International Men's day - HBR Talk 12
November 19th is International Men's day. This year's theme, described on, is "Celebrate men and boys."

The site goes on to explain, "Objectives of International Men's Day include a focus on men's and boy's health, improving gender relations, promoting gender equality, and highlighting positive male role models. It is an occasion for men to celebrate their achievements and contributions, in particular their contributions to community, family, marriage, and child care while highlighting the discrimination against them."

Several men's issues are described following that, including the health gap, the workplace safety gap, the suicide gap, and discrimination against men in family law, and male students at every level in the education system. 

One thing all of these issues have in common: A major contributing factor to all of them is how both the tendency and the social expectation of self-sacrifice for family and community factors into masculinity. For instance, it is mostly - almost entirely, in fact, men, whose labor, stoicism, accountability, and work ethic have gone and continue to go into the conception, establishment, and maintenance of society's entire infrastructure. I'm not just talking about roads here. Every convenience we have rests on the backs of working men. 

Most electricity is generated by burning fossil fuels to run steam turbines. Men drill or mine for those fuels. Men transport them or set up and maintain an infrastructure to transport them. Men designed, built, and operate the plants at which those fuels are processed and burned to produce electric power. Men designed, built, and maintain the grid of transformers and power lines that carry that electricity to every place where you use it. 

One of the main sources of this power aside from fossil fuels is nuclear reactors. We've heard much about this being a safer, cleaner means of producing electricity, and there is sense in that, but it comes at a risk... and accidents or mechanical failures can come at a terrible price.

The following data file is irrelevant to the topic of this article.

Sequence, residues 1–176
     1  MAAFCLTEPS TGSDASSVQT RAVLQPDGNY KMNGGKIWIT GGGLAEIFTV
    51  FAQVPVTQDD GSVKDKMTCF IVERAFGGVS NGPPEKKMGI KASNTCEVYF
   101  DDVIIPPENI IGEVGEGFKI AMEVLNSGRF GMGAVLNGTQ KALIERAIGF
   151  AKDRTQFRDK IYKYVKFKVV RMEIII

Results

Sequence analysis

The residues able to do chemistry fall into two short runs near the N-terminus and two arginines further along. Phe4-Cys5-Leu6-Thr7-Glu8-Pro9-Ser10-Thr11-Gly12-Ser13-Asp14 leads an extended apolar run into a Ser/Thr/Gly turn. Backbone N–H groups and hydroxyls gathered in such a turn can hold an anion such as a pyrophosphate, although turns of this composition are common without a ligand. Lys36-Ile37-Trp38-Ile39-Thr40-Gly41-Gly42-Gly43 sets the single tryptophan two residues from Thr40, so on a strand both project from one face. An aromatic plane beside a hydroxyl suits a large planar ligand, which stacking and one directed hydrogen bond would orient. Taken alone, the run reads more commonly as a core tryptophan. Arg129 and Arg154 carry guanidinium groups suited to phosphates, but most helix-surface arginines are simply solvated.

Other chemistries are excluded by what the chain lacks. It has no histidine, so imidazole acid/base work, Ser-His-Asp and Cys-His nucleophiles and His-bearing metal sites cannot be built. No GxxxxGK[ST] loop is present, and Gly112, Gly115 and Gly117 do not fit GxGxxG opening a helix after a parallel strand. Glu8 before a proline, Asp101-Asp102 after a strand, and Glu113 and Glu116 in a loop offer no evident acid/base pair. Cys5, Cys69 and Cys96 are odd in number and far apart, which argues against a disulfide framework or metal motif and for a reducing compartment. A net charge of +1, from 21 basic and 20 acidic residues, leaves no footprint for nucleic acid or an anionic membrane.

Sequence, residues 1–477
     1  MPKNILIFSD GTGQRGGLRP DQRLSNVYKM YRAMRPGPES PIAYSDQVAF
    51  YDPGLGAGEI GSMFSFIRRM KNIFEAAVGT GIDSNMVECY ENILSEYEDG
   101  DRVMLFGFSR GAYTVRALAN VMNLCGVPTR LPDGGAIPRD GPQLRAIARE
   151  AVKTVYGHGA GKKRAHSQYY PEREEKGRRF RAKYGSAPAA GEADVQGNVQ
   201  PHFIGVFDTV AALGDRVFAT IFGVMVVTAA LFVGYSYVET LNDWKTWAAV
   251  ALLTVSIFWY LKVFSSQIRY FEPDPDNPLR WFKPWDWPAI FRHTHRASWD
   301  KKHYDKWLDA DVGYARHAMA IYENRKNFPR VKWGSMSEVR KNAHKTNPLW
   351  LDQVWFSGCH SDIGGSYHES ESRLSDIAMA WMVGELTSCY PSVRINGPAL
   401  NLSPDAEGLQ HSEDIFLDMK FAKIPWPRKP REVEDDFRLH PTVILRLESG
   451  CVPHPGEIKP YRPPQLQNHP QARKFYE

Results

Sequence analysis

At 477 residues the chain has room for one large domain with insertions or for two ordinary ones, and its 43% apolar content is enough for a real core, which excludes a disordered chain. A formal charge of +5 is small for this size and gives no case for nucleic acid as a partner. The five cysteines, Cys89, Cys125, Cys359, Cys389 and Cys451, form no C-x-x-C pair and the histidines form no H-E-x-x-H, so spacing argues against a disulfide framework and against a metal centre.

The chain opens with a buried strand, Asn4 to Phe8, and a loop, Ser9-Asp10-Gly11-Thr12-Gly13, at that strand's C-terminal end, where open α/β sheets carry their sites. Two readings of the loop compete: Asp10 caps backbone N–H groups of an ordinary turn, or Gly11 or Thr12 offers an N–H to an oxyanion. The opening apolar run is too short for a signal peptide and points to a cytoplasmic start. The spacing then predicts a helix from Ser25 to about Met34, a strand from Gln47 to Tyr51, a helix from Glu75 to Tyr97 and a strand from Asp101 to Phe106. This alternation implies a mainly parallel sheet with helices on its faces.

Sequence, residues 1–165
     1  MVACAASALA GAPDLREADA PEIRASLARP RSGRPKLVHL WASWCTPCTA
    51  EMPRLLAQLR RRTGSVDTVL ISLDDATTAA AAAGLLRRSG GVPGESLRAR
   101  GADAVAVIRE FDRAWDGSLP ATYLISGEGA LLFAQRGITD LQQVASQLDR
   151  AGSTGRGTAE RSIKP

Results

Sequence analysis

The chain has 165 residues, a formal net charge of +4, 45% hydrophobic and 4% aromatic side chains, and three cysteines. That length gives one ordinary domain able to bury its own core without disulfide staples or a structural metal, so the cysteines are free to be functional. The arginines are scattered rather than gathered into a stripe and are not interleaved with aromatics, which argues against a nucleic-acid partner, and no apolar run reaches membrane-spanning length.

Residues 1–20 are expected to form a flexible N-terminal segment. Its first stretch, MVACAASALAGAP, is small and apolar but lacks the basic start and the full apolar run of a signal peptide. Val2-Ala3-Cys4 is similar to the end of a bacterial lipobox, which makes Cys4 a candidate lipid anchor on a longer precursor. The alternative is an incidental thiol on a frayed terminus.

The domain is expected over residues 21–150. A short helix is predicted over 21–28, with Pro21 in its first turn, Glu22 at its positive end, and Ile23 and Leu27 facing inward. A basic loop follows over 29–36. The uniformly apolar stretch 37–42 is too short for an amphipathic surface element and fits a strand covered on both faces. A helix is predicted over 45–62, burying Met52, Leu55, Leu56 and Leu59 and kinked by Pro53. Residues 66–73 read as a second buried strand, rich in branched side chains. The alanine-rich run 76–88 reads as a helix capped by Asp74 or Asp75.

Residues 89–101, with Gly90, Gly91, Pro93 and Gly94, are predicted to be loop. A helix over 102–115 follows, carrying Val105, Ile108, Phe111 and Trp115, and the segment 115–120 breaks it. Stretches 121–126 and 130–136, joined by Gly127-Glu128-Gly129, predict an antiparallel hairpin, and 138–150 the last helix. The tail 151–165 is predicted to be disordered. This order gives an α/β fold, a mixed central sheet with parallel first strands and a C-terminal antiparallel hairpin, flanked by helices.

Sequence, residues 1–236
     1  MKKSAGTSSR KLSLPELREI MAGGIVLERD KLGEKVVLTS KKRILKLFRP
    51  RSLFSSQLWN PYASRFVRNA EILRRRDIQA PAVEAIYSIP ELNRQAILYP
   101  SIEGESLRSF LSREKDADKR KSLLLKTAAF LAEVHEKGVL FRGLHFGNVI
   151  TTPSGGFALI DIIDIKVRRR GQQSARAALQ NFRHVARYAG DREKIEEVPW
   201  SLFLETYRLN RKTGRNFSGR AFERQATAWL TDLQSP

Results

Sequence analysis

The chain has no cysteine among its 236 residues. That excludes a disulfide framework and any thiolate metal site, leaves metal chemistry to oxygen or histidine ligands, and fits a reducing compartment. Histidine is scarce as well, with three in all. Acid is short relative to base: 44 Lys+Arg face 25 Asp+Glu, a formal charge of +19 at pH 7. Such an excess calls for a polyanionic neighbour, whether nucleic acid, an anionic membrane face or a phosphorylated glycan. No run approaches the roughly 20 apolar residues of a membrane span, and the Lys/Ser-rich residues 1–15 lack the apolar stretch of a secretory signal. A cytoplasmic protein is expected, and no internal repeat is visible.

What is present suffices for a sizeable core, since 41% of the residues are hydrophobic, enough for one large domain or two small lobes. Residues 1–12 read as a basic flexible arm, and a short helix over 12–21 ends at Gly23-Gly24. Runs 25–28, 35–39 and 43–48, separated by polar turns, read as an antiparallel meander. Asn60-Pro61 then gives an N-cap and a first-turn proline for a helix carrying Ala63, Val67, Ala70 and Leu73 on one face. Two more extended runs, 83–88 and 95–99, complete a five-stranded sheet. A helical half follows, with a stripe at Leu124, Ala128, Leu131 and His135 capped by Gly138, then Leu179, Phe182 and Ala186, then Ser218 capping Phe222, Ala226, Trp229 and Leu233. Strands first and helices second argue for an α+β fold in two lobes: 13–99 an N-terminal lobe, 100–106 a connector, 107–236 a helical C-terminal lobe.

Men have faced grave danger, some sacrificing their lives, to protect the lives of many others when shit has gone wrong at nuclear power plants. 

At the end of the day, your lights rely on men's labor, diligence, ingenuity, and not least of all risk-taking. 

And that's just one utility. With very few exceptions, it's entirely men's ingenuity, labor, and risk that provide society with fuel that heats the structures in which we live, work, and do business... men that deal with society's waste, men who transport the goods we trade and the supplies we use at our jobs, and men who run in to fix the damage when disaster strikes and disrupts those systems, even when doing so involves deadly peril. 

It has been men's engineering over the centuries which has led to the opulence that civilizations of today are able to achieve. Should we ever reach a state when we, as a species, stop demanding men sacrifice their lives to our tribalism in war, that gives humanity immeasurable potential. 

While men's health is affected by various manifestations of their self-sacrifice (such as the factors that go into the earnings gap feminists wrongly label a wage gap,) most health initiatives focus on the needs of women and girls. 

While men's suicide rate is far worse than that of women, initiatives on prevention focus on women's needs... and when they do focus on men, those involved often fail to understand the causes. We hear all the time that the problem is the expectation of stoicism from men, that men should be allowed to talk about their problems... but often the very people who say that turn their backs when the problems men talk about aren't politically correct. Clearly, significant reform is needed.

Discrimination against fathers in family court is one overlooked cause of male suicide. Not only is that an unaddressed injustice against fathers... it's damaging to their children, and to society at large, because paternal nurturing is another unsung gift of masculinity.